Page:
This November Mitt Romney – former Massachusetts Governor, private equity millionaire and the Republican Party’s candidate for President – will attempt to prevent President Obama serving a second term. On Saturday Romney announced Wisconsin Congressman Paul Ryan as his Vice-Presidential nominee and the running mate with whom he will attempt to do so.
Romney faces a daunting electoral map. To become President you have to win the most Electoral College votes. You win these votes by winning states and states have votes according to their size. On the basis of past elections and recent polling, 43 of the 51 state contests can be labeled as either for Mr Romney or Mr Obama.
The problem for Romney is, when you add up the votes from these states, Obama is within just 22 of victory; he does not need to win many of the 100 electoral votes the remaining eight states offer. The second problem for Romney is that Obama currently leads in seven of the eight.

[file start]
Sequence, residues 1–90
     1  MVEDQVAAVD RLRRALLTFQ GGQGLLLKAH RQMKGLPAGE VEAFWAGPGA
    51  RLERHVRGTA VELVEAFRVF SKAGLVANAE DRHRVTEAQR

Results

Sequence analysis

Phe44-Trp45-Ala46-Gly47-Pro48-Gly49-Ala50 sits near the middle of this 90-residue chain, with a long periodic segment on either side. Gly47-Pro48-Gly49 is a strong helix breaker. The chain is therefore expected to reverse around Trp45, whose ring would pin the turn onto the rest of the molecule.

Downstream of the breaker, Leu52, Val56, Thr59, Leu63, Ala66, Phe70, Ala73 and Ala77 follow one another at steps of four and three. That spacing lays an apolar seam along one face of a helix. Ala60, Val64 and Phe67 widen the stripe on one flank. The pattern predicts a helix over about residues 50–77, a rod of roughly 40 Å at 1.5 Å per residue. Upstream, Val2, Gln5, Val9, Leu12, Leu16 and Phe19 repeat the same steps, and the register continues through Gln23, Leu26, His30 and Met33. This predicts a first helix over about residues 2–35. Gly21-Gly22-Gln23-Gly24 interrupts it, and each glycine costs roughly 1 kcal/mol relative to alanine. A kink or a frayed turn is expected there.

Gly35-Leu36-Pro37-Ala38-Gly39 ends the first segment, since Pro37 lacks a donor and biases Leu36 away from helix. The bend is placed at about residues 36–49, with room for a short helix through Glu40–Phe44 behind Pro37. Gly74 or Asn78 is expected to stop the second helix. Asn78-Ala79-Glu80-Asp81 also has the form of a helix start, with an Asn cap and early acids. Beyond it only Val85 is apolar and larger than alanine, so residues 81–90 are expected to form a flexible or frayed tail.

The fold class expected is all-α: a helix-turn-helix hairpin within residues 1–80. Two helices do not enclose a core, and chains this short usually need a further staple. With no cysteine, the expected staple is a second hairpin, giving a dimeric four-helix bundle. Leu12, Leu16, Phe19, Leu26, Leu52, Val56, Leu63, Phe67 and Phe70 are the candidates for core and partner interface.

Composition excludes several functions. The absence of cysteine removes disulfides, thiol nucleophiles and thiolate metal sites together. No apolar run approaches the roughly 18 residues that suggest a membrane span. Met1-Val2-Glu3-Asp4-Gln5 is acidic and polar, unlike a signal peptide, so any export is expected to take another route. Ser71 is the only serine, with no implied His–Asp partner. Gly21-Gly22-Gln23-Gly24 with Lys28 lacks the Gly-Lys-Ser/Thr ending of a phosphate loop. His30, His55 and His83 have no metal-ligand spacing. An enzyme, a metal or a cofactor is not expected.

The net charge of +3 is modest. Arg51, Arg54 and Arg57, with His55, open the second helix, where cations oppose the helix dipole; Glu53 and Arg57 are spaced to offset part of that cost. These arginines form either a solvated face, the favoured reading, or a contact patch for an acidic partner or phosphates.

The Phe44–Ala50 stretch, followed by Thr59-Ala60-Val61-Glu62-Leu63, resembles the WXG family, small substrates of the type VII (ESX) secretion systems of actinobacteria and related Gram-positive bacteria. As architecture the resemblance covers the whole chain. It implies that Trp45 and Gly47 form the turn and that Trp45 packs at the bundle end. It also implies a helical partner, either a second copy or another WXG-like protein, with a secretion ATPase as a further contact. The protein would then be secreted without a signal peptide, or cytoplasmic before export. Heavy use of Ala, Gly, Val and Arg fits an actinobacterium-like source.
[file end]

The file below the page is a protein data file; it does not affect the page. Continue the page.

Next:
If Obama wins Ohio – where he leads by nearly 5% points and has a 7 in 10 chance of winning according to the New York Times’ Nate Silver – he needs just one other state, and Silver ranks his chances of winning Nevada as greater than 3 in 4.
This is the context in which Romney’s selection of Ryan must be seen. In choosing a Vice-President, Romney needed to pick someone who would either help him win one of the key states – Florida, Ohio, Virginia, North Carolina, Colorado, Iowa, Nevada and New Hampshire – or appeal to a key demographic. Ryan does neither.
The Romney campaign is claiming that picking Ryan puts his state, Wisconsin, into play, but it has not been won by a Republican since 1984 and Obama leads there by over 5% points. Analyses of the effect a vice-presidential pick has on his home state are full of qualifications, but, analysing data since 1920, the New York Times has estimated it does not add more than around 2% points.